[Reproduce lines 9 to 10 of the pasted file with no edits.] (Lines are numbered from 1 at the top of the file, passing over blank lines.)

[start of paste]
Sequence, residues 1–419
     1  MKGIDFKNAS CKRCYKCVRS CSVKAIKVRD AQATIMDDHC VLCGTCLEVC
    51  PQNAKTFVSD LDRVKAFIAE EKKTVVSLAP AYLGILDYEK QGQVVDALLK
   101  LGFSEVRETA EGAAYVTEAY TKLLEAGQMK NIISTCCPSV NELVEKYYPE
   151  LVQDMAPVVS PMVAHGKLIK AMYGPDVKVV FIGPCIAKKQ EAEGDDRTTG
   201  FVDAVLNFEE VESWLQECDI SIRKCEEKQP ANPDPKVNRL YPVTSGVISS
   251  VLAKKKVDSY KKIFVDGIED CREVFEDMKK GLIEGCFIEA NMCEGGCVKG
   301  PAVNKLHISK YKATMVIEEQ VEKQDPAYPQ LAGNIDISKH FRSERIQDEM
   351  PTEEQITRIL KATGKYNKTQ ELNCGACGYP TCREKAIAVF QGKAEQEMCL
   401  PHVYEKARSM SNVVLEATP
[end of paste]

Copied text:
   351  PTEEQITRIL KATGKYNKTQ ELNCGACGYP TCREKAIAVF QGKAEQEMCL
   401  PHVYEKARSM SNVVLEATP